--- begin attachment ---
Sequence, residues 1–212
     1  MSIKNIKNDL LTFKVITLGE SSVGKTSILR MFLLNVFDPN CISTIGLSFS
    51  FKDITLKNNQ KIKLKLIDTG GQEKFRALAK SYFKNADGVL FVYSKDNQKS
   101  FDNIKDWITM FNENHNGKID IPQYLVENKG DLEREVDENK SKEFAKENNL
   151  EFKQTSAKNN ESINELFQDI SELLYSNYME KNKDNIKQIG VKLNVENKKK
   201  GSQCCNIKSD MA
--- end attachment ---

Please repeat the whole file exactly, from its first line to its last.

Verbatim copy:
Sequence, residues 1–212
     1  MSIKNIKNDL LTFKVITLGE SSVGKTSILR MFLLNVFDPN CISTIGLSFS
    51  FKDITLKNNQ KIKLKLIDTG GQEKFRALAK SYFKNADGVL FVYSKDNQKS
   101  FDNIKDWITM FNENHNGKID IPQYLVENKG DLEREVDENK SKEFAKENNL
   151  EFKQTSAKNN ESINELFQDI SELLYSNYME KNKDNIKQIG VKLNVENKKK
   201  GSQCCNIKSD MA